Article Title

Vondel’s Brothers and the Power of Imagination


Stijn Bussels


This article discusses the first series of performances of Joost van den Vondel’s Brothers in Amsterdam in 1641. The drama focuses on the heart-rending decision king David has to take to follow God’s will to ratify the executions of Saul’s sons and grandsons. With the staging of Brothers Vondel made an experiment in spreading the Word of God as profoundly, but also as respectfully as possible. He avoids showing the executions explicitly. Instead he uses diverse dramatic and visual means to urge the theatregoers to create strong mental images and thus to empathize maximally with David. Vondel’s experiment in theatre practice has striking parallels with theatre theory of the same period. In his poetics Vondel’s close friend Gerardus Vossius initiates modern discussion on the overwhelming effect of dramatic performances. With the help of Longinus’s On the Sublime Vossius makes a distinction between the ‘cheap’ momentary effect of staging explicit cruelties and the long-lasting effect of our imagination. By placing the performance of Brothers at the center of attention we get a privileged view on theatre practice and related theoretical discussion on the effect of the dramatic performance in the Dutch Golden Age.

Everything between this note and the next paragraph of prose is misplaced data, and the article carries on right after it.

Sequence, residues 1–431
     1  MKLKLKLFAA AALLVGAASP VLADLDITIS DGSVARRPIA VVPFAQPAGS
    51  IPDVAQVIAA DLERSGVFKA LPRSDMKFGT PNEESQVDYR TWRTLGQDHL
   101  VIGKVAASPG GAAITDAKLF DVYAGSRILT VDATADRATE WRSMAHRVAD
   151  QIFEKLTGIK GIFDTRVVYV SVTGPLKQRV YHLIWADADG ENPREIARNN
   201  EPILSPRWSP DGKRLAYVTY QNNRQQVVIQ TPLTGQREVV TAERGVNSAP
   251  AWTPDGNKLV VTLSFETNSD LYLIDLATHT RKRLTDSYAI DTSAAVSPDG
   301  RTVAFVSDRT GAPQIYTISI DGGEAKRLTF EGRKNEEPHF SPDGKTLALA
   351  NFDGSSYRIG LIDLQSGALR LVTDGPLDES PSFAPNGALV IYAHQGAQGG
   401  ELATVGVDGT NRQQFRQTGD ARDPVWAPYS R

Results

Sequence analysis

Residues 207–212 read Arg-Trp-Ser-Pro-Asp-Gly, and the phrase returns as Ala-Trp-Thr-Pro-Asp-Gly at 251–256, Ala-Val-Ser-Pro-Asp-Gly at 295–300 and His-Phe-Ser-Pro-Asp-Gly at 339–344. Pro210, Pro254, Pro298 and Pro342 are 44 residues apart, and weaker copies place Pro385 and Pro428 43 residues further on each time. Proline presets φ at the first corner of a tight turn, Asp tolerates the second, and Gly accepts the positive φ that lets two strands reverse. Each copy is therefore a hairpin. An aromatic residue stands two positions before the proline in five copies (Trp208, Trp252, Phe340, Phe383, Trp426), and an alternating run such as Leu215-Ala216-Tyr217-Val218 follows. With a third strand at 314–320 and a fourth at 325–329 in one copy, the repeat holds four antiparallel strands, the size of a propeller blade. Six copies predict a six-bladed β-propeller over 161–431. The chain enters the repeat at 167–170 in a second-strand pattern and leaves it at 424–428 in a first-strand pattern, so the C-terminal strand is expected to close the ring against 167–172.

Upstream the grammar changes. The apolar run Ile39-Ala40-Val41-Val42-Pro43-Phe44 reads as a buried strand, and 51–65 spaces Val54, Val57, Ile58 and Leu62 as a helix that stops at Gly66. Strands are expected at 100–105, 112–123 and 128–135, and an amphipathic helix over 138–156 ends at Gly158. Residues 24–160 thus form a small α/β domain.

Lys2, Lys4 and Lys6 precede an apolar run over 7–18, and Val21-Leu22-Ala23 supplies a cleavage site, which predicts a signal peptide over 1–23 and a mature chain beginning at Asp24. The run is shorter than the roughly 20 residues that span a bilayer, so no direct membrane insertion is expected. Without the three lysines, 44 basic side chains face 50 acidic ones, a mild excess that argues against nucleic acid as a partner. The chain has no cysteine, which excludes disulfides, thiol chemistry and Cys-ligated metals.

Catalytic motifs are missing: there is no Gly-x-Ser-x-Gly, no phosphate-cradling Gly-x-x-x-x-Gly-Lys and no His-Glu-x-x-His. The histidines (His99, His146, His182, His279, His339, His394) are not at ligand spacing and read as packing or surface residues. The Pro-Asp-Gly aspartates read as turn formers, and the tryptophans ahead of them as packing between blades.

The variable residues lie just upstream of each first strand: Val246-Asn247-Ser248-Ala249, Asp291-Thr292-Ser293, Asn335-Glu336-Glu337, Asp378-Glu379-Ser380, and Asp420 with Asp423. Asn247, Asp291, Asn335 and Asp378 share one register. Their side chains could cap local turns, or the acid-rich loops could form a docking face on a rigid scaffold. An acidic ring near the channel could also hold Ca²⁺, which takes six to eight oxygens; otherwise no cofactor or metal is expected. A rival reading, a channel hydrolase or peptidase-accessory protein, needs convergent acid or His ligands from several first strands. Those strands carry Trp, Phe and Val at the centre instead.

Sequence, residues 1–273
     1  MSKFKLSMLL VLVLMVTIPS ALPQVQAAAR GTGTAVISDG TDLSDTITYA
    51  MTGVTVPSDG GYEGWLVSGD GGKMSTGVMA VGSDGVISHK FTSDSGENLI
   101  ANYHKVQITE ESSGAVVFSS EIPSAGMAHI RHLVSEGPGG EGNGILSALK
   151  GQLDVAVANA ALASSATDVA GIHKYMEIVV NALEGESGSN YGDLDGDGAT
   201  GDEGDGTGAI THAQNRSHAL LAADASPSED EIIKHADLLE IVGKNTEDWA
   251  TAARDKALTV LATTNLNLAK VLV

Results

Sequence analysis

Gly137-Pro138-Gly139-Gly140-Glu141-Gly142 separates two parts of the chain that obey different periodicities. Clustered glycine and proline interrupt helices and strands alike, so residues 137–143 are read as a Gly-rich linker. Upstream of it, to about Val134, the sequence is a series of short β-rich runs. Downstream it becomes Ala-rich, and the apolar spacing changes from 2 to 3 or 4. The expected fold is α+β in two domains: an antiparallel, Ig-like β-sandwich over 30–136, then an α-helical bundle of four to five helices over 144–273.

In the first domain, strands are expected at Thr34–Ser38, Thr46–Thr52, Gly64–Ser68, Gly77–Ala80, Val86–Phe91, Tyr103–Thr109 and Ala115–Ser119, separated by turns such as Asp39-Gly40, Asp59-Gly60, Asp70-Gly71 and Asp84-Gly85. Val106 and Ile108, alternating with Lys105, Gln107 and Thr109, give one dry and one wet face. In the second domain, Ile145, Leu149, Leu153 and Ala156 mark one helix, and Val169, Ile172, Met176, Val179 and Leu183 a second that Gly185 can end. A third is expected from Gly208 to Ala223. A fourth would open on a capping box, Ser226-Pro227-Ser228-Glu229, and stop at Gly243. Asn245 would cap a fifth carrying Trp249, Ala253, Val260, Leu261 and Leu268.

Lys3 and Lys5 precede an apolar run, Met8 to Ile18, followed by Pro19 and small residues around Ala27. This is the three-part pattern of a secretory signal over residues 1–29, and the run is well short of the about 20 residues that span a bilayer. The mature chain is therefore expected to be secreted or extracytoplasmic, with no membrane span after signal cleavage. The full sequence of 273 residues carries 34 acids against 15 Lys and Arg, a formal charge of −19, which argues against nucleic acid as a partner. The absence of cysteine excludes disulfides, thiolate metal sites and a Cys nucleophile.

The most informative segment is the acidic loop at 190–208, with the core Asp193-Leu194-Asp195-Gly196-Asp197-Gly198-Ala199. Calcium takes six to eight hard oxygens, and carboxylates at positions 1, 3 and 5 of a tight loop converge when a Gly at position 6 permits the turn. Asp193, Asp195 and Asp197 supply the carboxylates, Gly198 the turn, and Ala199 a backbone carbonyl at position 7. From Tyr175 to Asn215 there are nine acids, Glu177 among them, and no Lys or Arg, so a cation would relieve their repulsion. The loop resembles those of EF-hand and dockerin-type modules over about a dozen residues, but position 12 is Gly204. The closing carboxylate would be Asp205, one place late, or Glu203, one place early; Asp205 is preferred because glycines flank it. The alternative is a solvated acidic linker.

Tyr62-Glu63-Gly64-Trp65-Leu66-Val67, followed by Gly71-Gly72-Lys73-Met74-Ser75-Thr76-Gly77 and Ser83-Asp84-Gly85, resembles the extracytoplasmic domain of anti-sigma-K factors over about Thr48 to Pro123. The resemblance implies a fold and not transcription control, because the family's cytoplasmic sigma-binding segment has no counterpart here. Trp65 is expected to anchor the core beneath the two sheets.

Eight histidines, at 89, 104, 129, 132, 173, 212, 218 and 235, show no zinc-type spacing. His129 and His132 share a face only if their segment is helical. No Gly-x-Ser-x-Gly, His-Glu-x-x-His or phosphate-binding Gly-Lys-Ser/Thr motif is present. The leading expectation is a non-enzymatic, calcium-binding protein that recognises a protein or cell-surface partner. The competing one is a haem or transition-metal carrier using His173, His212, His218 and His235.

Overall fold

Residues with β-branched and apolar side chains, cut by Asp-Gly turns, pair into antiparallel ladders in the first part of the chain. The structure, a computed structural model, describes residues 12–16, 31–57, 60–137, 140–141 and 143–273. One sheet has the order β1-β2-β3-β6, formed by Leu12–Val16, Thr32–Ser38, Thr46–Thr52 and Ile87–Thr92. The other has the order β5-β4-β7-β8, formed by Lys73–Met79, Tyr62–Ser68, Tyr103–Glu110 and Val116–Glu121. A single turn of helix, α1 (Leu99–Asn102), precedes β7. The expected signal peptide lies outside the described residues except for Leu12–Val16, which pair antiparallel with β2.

Comparative Drama is carried by JSTOR and Project MUSE.